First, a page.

Hyundai and Kai Investigated for Diesel Tampering – Could Vauxhall be Next?
Several months ago, European authorities raided eight of the corporate properties of the Seoul-based Hyundai Motor Group, the parent company of carmakers Hyundai and Kia. The raid took place in Luxembourg and Germany in relation to suspicions that their vehicles were fitted with defeat devices intended to bring down emission levels artificially.
Around 140 investigators joined forces in carrying out the investigation, which included the acts of aiding and abetting Hyundai and Kia managers and automotive supplier BorgWarner. Luxembourg investigation authorities, Frankfurt prosecutors, and the Hessen State Police were obligated to gather evidence, design documents, software, and communication data. Eurojust or the European Justice Organization is also part of the investigation team.
If the allegations are proven true, around 210,000 Hyundai and Kia vehicles equipped with dangerous defeat devices are out on the roads releasing massive amounts of toxic emissions. The affected vehicles were in the market until 2020.
Representatives from the two carmakers have released statements confirming the raids and ensuring their cooperation with authorities.
Aside from the South Korean carmakers, authorities are also setting their sights on BorgWarner brand Delphi Technologies and automotive industry supplier Bosch. Software and ECUs or engine control units that Hyundai and Kia used were allegedly supplied by the said companies.
Both companies have commented on the allegations, with BorgWarner giving assurance that they are cooperating with European authorities. For its part, Bosch pointed out that the issue has been settled in 2019 after they finalized an agreement with Stuttgart prosecutors.
The affected Hyundai and Kia models are confined to models with 1.1-litre, 1.4-litre, 1.6-litre, 1.7-litre, 2.0-litre, and 2.2-litre diesel engines.
The Dieselgate Scandal
Hyundai and Kia are not the only carmakers that used defeat devices in their diesel vehicles. In September 2015, the US government sent a Notice of Violation to the Volkswagen Group after discovering the cheat devices in VW and Audi diesel vehicles that were sold to Americans. The devices are meant to help the carmaker pass emissions tests, which are necessary before vehicles can be marketed and sold.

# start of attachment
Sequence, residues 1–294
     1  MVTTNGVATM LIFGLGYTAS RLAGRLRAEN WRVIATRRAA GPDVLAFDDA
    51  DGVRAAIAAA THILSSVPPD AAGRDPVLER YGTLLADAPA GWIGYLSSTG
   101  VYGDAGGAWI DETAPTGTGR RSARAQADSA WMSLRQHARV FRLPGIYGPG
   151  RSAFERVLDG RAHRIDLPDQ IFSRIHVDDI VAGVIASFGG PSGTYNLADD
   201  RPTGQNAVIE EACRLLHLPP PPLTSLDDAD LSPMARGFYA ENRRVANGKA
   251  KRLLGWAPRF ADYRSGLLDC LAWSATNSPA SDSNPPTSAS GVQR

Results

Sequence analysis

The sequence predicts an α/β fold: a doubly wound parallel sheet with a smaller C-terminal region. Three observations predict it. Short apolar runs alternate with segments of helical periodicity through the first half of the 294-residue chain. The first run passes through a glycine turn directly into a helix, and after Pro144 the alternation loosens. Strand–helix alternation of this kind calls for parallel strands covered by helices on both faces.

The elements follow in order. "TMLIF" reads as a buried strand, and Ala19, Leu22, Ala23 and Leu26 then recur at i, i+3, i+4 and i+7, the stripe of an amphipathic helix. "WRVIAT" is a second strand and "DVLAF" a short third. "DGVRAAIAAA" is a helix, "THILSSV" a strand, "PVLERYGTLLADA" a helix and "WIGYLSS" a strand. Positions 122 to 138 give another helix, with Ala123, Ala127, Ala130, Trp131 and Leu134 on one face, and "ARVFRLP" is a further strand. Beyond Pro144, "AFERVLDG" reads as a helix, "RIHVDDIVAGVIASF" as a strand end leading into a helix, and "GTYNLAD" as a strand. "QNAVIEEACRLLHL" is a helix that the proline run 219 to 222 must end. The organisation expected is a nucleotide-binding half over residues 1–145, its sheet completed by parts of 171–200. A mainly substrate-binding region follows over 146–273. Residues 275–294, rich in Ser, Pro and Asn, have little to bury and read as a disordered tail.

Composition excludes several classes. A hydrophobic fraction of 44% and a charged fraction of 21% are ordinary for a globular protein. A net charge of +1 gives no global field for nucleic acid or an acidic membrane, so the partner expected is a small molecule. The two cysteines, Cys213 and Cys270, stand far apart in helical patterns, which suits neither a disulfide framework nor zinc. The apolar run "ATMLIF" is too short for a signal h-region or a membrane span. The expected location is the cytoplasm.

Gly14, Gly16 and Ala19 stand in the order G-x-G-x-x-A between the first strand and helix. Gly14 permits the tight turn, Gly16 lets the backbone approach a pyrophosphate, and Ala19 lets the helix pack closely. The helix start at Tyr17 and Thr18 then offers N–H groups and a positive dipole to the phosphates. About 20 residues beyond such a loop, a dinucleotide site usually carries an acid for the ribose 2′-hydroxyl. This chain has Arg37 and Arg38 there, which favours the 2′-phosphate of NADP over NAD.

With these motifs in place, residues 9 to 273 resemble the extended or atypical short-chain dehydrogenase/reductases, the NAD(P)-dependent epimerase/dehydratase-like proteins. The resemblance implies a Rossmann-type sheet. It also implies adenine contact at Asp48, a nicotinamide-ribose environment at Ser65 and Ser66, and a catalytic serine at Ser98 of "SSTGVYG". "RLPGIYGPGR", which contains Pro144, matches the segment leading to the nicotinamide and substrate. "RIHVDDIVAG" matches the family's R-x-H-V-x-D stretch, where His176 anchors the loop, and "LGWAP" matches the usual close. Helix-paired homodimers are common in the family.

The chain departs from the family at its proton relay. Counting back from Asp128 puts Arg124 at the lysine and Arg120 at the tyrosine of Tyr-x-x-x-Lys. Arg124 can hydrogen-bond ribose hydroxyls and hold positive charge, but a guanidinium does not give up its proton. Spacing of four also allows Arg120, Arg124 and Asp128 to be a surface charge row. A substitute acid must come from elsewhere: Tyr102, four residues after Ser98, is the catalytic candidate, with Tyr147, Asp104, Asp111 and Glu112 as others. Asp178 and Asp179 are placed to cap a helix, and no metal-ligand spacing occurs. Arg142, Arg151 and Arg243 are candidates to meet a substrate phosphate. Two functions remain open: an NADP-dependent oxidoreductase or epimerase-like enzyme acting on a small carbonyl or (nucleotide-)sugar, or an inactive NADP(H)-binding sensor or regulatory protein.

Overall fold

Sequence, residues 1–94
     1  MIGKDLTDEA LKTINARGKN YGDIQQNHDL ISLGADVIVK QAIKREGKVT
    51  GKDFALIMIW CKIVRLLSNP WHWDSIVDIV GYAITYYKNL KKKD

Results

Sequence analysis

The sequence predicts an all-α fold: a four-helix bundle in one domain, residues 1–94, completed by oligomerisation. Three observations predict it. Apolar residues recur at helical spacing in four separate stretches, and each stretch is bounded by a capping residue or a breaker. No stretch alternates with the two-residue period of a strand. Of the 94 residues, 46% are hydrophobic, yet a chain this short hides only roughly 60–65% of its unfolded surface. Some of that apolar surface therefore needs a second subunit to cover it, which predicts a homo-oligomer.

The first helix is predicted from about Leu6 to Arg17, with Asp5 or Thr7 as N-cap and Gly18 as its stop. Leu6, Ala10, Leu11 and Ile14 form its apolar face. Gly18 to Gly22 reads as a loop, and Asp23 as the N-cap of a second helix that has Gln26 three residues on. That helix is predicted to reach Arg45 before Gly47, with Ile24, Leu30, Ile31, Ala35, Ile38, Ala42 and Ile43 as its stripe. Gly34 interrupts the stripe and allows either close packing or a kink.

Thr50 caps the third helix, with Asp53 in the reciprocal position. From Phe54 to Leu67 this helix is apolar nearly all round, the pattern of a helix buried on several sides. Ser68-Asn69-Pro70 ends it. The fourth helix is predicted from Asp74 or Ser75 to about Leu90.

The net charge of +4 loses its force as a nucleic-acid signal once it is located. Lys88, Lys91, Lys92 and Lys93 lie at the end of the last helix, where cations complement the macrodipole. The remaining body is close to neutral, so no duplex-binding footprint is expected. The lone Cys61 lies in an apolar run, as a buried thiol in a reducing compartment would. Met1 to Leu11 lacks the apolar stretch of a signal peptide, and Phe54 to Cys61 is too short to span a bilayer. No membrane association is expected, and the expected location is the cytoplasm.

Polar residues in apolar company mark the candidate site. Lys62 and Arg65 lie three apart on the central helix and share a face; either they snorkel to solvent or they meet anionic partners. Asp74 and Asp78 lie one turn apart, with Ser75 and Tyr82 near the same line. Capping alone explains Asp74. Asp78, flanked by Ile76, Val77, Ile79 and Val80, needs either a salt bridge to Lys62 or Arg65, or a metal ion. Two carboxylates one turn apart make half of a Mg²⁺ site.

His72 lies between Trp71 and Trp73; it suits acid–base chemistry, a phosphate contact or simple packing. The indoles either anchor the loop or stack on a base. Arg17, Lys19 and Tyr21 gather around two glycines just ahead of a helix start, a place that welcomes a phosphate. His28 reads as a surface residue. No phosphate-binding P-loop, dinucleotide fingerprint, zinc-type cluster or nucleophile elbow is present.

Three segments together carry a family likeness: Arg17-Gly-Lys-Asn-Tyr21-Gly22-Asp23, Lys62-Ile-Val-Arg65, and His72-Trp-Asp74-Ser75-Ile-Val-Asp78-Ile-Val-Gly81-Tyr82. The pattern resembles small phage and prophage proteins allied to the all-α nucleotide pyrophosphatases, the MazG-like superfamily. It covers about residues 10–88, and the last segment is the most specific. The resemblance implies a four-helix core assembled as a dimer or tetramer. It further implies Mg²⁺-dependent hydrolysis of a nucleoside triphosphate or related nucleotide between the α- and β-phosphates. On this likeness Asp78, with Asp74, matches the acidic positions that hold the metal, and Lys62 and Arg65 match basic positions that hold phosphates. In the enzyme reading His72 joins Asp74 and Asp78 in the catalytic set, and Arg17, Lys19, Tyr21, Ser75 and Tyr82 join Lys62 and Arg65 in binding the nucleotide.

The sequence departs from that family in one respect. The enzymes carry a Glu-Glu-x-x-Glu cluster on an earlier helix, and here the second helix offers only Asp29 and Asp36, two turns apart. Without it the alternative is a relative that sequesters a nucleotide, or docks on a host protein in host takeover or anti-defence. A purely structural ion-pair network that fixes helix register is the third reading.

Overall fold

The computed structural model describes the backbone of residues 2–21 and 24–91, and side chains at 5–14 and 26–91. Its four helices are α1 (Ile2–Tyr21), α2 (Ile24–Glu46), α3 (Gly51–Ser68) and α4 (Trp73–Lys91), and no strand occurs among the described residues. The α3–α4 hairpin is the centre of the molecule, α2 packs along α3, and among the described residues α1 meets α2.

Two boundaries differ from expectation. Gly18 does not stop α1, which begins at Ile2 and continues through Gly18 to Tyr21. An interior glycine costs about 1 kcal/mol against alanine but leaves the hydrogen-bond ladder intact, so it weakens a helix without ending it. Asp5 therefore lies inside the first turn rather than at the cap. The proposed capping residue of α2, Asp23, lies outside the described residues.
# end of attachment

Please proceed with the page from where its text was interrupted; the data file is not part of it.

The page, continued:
Volkswagen initially denied the allegations but soon admitted that they knew about the existence of the defeat devices. Authorities ordered the German carmaker to recall affected vehicles. They’ve also had to spend billions on payoffs – fines, legal fees, and compensation.
The defeat devices inside VW’s diesel cars and vans can detect when a vehicle is being evaluated by authorities. Once it does, the vehicle automatically reduces emissions levels to within the regulated limits of the World Health Organization (WHO). During testing, the vehicle appears safe and emissions-compliant but once it is taken out on the road, it releases dangerous nitrogen oxide or NOx emissions that are at least 40 times over the legal levels. Such a vehicle, therefore, is hazardous to the environment.
Other carmakers that have been found using defeat devices include BMW, Mercedes-Benz, Peugeot, and Vauxhall. The Vauxhall emissions scandal is still in its infancy since authorities discovered defeat devices in their vehicles only in 2021. Only diesel-powered Vauxhall models manufactured between the years 2017 and 2019 are thought to be affected by the scandal, though other experts suggest the start date is much before this. The carmaker deceived over one million car owners in the UK.
Emissions from diesel vehicles are known as NOx, which can cause various environmental and health-related impacts.
The primary components of NOx are nitric oxide (NO) and nitrogen dioxide (NO2). On their own, both already have adverse effects on the environment and human health. When NOx reacts with both NO and NO2, pollutants are formed, such as acid rain and smog. NOx is also responsible for producing ground-level ozone, which destroys vegetation.
Nitrogen oxide emissions are also mental health triggers. Episodes of anxiety and depression can become more frequent if a person is constantly exposed to NOx. Cognitive abilities may also weaken because of NOx exposure, and this may lead to an early onset of dementia.
Breathing in NOx emissions can lead to the following health impacts:
- Difficulty in breathing
- Lung problems (ex. fluid can get into the lungs, chronic reduction of function)
- More frequent asthma attacks
- Bronchitis, emphysema, and other respiratory diseases
- Cardiovascular diseases
In the past years, numerous published research and reports have shown a link between air pollution and the thousands of premature deaths across the world. High air pollution levels significantly reduce life expectancy.
Filing a diesel claim
What is my diesel claim all about?
A diesel emissions claim is a legal process that entitles you as an affected car owner to receive compensation for the dangers and inconveniences your carmaker subjected you to. A successful claim can pay you thousands in pounds, but the amount typically varies according to the details of the case. It’s important to know what you’re doing, which is why most Vauxhall drivers join group claims (similar to the US class-action lawsuit).
However, before anything else, you should take time to verify your eligibility to bring forward a Vauxhall emissions claim. The defeat devices are installed in specific models manufactured on certain dates, so you need to verify if your vehicle is on the list.
To get all the information you need for your claim, visit Emissions.co.uk now.
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